2009 2014 South Australian Food and Wine Tourism Strategy

2009 2014 South Australian Food and Wine Tourism Strategy

South Australian Food and Wine Tourism Strategy 2009 – 2014

Foreword Food and wine experiences have long been an integral part of the State’s tourism marketing message promoting South Australia as a visitor destination. However, despite South Australia being recognised as the home of Australian wine we cannot rest on our laurels, as other State’s aggressively target these opportunities recognising travellers’ desire for such experiences. Furthermore, while South Australia has some outstanding food experiences, consumer research reveals that the State is not strongly associated with this attribute.

Acknowledging this, in 2008, the Minister’s Tourism Round Table established an industry led Food and Wine Tourism Working Group to address these issues. This Group was asked to prepare a strategic plan to strengthen the State’s competitiveness in food and wine tourism and to forge stronger links between the food and wine tourism sectors. This Plan is the culmination of the detailed investigations of the Working Group. It sets a clear path forward with detailed implementation action designed to realise the vision of SA being the world’s leading food and wine tourism destination by 2020. I am pleased to submit this final report to the Minister’s Tourism Round Table.

Special thanks go to the Working Group comprising:
Susan Berlin
David Cowperthwaite
Caroline Densley
Marc Dobson
Pip Forrester
Denise Manson (replaced Marc Dobson, Feb 2009)
Mark McNamara
Elaine Ratcliffe
Neil Schultz
Barbara Storey
Uby Faddoul Thanks are also expressed to Jan Douglas, Claudelle Martin, Joanne Podoliak, David Crinion and Steve Kernaghan of the South Australian Tourism Commission for their support in developing this strategy. Karen Ronning Chair, Minister for Tourism’s Round Table Food and Wine Working Group March 2009 2

CONTENTS Page Foreword 2 Executive Summary 4 1.0 Introduction 7 2.0 Strategic Context 7 3.0 Opportunity 8 4.0 Competitive Position 9 5.0 The Challenge 11 6.0 Targeting to Achieve the Tourism Target 13 7.0 South Australia’s Tourism Brand Strategy 14 8.0 Wine Industry Branding Initiatives 15 9.0 Strategic Issues 16 - Marketing and promotion 16 - Product development 18 - Leadership and communication 20 - Collaboration 20 - Industry development 20 10.0 Vision 22 11.0 Moving Forward: Objectives and Strategies 23 12.0 Implementation 24 13.0 Key Performance Indicators 30 APPENDICES 1. South Australia’s Food and Wine Competitive Ranking 33 2.

Food and Wine Research Findings 35 3. Food and Wine Tourism Market 38 4. South Australia’s Brand Framework 41 5. Food and Wine Strategy Implementation Table 43 3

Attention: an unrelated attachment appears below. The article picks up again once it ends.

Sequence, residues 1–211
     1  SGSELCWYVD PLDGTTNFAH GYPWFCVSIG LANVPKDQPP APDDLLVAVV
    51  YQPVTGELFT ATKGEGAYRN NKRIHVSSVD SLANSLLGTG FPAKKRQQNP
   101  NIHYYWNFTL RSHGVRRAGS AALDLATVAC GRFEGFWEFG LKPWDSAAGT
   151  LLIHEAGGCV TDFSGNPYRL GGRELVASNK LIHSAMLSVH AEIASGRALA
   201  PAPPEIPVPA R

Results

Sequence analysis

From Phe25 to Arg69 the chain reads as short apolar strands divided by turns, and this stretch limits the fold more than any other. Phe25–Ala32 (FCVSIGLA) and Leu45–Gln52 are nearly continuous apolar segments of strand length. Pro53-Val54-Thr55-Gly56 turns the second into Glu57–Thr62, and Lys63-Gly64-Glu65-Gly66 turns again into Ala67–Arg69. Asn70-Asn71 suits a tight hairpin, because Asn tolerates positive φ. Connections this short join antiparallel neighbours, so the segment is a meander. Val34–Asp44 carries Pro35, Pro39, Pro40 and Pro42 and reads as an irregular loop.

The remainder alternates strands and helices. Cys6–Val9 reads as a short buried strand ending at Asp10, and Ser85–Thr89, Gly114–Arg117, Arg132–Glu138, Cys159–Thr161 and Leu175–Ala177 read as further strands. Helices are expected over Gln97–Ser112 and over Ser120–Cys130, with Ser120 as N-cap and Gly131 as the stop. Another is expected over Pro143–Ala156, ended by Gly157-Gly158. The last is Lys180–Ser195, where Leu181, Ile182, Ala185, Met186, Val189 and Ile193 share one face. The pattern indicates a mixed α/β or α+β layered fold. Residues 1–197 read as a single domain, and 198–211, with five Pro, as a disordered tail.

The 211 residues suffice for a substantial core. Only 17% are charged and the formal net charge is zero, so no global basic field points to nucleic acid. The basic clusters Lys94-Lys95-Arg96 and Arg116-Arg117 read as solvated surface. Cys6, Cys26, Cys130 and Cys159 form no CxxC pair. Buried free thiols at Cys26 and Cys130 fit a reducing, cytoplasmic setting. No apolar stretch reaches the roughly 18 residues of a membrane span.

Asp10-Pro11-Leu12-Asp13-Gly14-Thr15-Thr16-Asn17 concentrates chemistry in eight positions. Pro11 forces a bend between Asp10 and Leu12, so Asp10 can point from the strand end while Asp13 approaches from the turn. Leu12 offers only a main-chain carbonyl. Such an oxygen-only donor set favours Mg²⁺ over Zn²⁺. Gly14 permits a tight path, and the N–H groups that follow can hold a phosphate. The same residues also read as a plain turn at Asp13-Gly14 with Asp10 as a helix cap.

EXECUTIVE SUMMARY The quality and reputation of South Australia’s food and wine tourism experiences have a key role to play in strengthening SA’s brand promise of being a vibrant and welcoming place that celebrates the good things in life. SA’s core brand attribute of being Australia’s home of exceptional wine and produce, complements other core brand attributes of unspoilt nature at close proximity, enterprising tradition of creativity and innovation, and a beautiful city and festival spirit.

The State Strategic Plan tourism target is to achieve an increase in tourism expenditure from $3.7 billion in 2002 to $6.3 billion in 2014.

The South Australian Tourism Plan identifies 13 priority strategies to achieve this target. One of these strategies is to encourage further investment in South Australia’s food and wine tourism assets. This strategy aims to create an unassailable competitive position for food and wine experiences and in doing so help to create global awareness of South Australia as one of the world’s outstanding authentic food and wine destinations. It also aims to increase the number of visitors, their length of stay and expenditure yield while in South Australia’s food and wine regions, including Adelaide.

This strategic approach has been developed within a longer-term [2020] vision while providing an action plan until 2014.

By 2020 South Australia will be recognised as the world’s leading food & wine tourism destination South Australia’s wine, food and tourism sectors are a potential winning partnership that can put South Australia firmly on the global map by communicating the best of South Australia today; making South Australia easy to access and experience; and by creating an even more appealing South Australia of tomorrow. New products and experiences will create exciting ‘new news’ about South Australia that will inspire people to visit and buy its produce both in situ, within SA and in SA’s export markets.